The biggest asset to this book is the real-life examples provided by the author, in which he profiles 8 famous value investors, including Warren Buffett, and their methods of application of the core principles of value investing.
The book can be technical and complex at times, but if you would like to gain insight into the techniques of valuing and analyzing companies used by successful investors, this is the perfect book for you.
11. A Random Walk Down Wall Street
The underlying principle in A Random Walk Down Wall Street, by Burton Malkiel, is that markets are efficient and people are wasting their time and money trying to beat them. Malkiel makes some convincing arguments with plenty of examples from history, including the tulip mania during the Dutch Golden Age.
The author argues that stock price rises from disagreements among investors about the true value of a company. The inflation in price leads to a bubble, which eventually pops and reverts the stock back to its normal value. He’s also a big supporter of passive investing, recommending investors to avoid micromanagement and simply buy and hold market index funds.
Although I don’t necessarily agree with the author’s point of view, I believe that Malkiel and his support of the efficient market hypothesis mainly refers to large-cap stocks, where the market environment is extremely competitive with many players. There are still inefficiencies in the market where money can be made, especially with small to mid-cap stocks, commodities, and options.
As a trader, being well-rounded and having as much information as possible is the best way to succeed. Although the underlying principles in A Random Walk Down Wall Street go directly against the belief of many traders and fund managers, I believe it’s important to be aware of both sides of the argument. There are plenty of takeaways from the book, even if you disagree with what the author has to say. If anything, it should be a reminder for traders to tread lightly and never get carried away with the way the market is performing. If something is too good to be true, it probably isn’t.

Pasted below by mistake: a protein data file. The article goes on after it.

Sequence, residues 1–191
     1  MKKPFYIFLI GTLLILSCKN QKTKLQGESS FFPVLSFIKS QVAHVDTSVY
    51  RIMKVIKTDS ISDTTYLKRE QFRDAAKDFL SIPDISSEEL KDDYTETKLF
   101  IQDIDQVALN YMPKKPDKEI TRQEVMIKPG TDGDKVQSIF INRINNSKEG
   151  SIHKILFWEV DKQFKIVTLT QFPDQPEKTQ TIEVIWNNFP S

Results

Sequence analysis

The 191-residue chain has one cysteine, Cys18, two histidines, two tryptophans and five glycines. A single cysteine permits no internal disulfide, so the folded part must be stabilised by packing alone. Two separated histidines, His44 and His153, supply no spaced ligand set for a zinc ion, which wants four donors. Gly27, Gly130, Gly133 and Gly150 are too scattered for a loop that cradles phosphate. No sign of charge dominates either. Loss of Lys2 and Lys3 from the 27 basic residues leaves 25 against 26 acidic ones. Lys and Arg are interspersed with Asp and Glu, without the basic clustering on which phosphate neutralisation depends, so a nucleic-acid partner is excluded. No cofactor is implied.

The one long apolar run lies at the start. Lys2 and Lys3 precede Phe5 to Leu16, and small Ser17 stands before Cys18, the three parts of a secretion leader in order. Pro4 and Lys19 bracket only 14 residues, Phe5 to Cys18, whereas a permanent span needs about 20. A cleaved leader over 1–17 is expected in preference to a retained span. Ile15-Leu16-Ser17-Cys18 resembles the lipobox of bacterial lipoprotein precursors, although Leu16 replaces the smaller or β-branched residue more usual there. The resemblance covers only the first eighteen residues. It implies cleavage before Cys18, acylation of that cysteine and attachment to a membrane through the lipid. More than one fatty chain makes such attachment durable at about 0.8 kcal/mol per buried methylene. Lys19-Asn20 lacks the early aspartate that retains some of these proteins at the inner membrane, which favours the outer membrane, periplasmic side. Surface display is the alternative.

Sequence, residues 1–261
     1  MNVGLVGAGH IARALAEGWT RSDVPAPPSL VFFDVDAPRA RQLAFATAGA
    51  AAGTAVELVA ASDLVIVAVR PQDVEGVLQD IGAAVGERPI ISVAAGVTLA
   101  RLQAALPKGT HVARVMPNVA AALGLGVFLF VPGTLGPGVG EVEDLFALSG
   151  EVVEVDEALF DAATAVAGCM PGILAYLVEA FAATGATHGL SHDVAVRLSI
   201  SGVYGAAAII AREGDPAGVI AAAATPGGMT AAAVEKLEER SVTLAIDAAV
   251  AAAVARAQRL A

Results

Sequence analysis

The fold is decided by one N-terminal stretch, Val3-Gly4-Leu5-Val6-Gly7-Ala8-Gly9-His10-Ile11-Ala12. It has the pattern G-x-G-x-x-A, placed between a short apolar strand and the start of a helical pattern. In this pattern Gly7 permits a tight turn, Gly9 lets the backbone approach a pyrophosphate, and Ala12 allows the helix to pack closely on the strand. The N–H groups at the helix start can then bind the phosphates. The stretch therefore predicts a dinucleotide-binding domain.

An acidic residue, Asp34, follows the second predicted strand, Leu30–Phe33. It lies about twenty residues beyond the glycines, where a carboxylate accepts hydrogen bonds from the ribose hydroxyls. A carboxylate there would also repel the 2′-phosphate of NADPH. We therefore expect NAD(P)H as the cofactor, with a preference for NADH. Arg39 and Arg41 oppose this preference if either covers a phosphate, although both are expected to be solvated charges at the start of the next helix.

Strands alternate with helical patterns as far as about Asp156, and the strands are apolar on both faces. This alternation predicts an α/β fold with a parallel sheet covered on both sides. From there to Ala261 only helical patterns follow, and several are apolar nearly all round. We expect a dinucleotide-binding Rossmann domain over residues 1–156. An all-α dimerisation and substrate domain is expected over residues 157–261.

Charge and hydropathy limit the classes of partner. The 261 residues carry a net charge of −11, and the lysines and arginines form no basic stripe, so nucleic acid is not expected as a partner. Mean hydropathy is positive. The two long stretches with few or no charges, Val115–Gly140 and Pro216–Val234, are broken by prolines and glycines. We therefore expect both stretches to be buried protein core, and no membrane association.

12. Reminiscences of a Stock Operator
Reminiscences of a Stock Operator, by Edwin Lefevre, is a fictionalized biography of Jesse Livermore, a famous stock trader who started speculating in the bucket shops of New England in the late 19th century before moving onto Wall Street. Published in 1922, this book is a timeless classic that continues to inspire traders to this day.
The book delves into the emotions of a trader and how pride, greed, and fear play a huge part in driving the market. Oftentimes, the protagonist reflects on his trade mistakes and develops his own set of investment principles and guidelines to help him succeed. Although the market environment has changed significantly since the book was published, the human emotions described in the book still exist and continue to affect the market.
Many of the traders interviewed in Jack Schwager’s Market Wizard series cite this book as inspiration, and Alan Greenspan referred to it as “a font of investing wisdom.”
Mark is Keel’s Research Intern.
Mark developed an interest in investing when he placed top 10 in the school-sponsored stock trading challenge.
Following his service in the Air Force after his sophomore year, he worked as a Sales & Trading Intern at UBS before returning to school. He is a growth, contrarian investor, specializing in the consumer goods sector. He also writes writes as a contributor on Seeking Alpha. When markets are closed, he enjoys working out at the gym and watching the UFC with a cold IPA.
Mark is currently a junior economics major, minoring in business, at Cornell University.